March 20, 2020


This is part 1 of the Redeeming The Time series. Click Here to view the Facebook Live video of this thought.

Ephesians 5:15-17 says, “See then that ye walk circumspectly, not as fools, but as wise, Redeeming the time, because the days are evil. Wherefore be ye not unwise, but understanding what the will of the Lord is.”

Time has correctly been identified as life’s most precious resource. Throughout the Scriptures we find that life is a gift from God and its purpose is to bring glory to Him. However, we also find that during this short span of life that we have been given, the quality of our life, the joy that we experience in our life, and the significance of our life is directly related to the choices that we make. We must understand that our choices don’t just impact us today, but their impact will be felt tomorrow and for all of eternity. In addition, they won’t just affect our life, but they will have a profound influence on the lives of those that we care the most about (our family and our friends).

When we understand that our life has value and we acknowledge that our life’s purpose is to glorify God, then certain priorities should be produced in our heart. These priorities must then be allowed to dictate who we become, who we’re involved with, and what we’re engaged in. Essentially, they should affect every area of our life. Our purpose determines our priorities which in turn dictates our daily plan. I believe that’s what the Apostle Paul had in mind when he wrote these words, “Redeeming the time, because the days are evil.

The word redeeming means “to purchase or to buy back.” Here it has the idea of rescuing or recovering something from waste, to improve something for a greater and far more important purpose. In other words, the Apostle Paul is saying that we have been given something that is precious and that has a purpose, and yet, we have made the decision to use it for everything other than for what it was intended. He goes on to identify that precious and purposeful yet wasted gift as time.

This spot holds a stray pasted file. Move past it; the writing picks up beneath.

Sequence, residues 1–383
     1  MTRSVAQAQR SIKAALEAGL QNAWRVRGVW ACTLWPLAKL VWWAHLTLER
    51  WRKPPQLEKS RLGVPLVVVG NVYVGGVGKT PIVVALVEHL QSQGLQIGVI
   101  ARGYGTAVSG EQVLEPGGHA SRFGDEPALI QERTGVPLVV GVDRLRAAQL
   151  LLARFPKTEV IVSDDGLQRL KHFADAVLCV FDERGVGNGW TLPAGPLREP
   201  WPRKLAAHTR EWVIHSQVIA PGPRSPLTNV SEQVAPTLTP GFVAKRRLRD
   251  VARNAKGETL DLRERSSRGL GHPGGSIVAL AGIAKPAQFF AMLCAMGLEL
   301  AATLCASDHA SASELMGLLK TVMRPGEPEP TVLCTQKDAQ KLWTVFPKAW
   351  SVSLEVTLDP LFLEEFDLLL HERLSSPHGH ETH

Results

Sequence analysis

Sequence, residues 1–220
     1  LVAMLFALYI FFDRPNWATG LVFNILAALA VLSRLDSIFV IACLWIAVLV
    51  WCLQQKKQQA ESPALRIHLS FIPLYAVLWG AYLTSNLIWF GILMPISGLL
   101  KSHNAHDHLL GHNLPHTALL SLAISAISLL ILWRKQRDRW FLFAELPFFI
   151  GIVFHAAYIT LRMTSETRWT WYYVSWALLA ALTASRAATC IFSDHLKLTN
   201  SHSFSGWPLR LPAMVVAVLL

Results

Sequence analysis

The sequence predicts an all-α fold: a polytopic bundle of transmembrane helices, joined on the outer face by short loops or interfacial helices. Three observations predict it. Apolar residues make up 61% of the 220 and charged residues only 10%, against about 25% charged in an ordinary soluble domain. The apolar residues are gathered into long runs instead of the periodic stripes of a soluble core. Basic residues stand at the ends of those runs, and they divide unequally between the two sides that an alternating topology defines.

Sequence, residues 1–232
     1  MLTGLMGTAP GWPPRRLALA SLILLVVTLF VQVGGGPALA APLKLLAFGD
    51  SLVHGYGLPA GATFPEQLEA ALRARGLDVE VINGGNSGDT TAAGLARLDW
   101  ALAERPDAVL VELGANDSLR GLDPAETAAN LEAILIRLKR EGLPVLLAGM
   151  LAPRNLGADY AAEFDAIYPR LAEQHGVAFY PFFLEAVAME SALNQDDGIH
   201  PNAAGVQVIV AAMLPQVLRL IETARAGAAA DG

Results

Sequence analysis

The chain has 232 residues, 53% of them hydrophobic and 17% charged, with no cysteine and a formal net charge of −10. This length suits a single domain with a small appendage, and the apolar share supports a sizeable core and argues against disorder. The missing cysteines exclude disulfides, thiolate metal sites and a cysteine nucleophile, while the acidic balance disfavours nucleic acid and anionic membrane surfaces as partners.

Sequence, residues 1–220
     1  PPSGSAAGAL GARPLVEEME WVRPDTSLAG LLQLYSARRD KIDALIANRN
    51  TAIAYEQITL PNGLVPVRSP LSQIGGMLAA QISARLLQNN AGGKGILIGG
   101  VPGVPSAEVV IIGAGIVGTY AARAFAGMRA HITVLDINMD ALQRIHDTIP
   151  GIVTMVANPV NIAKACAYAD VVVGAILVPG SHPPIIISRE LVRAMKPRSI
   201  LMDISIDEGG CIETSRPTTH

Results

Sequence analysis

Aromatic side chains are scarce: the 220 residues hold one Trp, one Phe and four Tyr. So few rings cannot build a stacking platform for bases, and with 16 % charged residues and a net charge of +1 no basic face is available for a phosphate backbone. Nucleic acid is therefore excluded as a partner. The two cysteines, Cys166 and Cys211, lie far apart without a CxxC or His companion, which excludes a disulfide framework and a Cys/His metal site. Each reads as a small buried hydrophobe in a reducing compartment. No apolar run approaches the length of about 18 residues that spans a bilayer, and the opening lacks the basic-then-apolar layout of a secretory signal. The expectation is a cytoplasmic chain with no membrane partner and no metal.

The word time here has the idea of a window or a season of opportunity that won’t last forever and that may never come one’s way again. James described it this way in James 4:14 when he wrote these words, “Whereas ye know not what shall be on the morrow. For what is your life? It is even a vapour, that appeareth for a little time, and then vanisheth away.” The Apostle Paul then elevated our responsibility with our life when he wrote these words in Romans 4:12, “So then every one of us shall give account of himself to God.” That means that our time today must be used wisely so that we have something worthy with which to give Him praise tomorrow.

Over the past several days, we have once again been confronted with the uncertainty and even with the brevity of life. For all of us, our schedules have been interrupted and to some degree our responsibilities have shifted. Certain things that once dominated our life have temporarily been put on hold. And, I must admit, I’m not so sure that that’s a bad thing. The simple truth is that in a fairly short period of time, though things may look, feel and even function a little differently, things will return to the way that they were before – busy. Schools will be back in session, work will be back on regular schedule, sports will resume, and churches will be able to meet again. But my question is this, Will we be better as a result of this time that we have been given or will things simply return to how they were before?

This coming Monday through Friday, I want to invite you and your family to join with me as each day we will consider a thought to help us Redeem the time that we have been given and prepare ourselves to “…be a vessel unto honour, sanctified, and meet for the master’s use, and prepared unto every good work” (2 Timothy 2:21).

In conclusion, I want to leave you with the words of Jonathan Edwards who wrote, “Resolved: Never to lose one moment of time, but to improve it in the most profitable way I possibly can. Resolved: to live with all my might while I do live.” He also wrote these words, “Time that is past you can never recall, of time to come, you are not sure at all; only the present is now in your power, therefore, redeem and improve every hour.”

Until next time, good day and God bless.